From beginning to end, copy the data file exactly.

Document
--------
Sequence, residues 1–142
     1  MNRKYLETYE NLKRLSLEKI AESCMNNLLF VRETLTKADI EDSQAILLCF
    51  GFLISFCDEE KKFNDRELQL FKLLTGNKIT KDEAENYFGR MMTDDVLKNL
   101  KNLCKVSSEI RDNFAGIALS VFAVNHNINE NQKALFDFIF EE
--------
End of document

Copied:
Sequence, residues 1–142
     1  MNRKYLETYE NLKRLSLEKI AESCMNNLLF VRETLTKADI EDSQAILLCF
    51  GFLISFCDEE KKFNDRELQL FKLLTGNKIT KDEAENYFGR MMTDDVLKNL
   101  KNLCKVSSEI RDNFAGIALS VFAVNHNINE NQKALFDFIF EE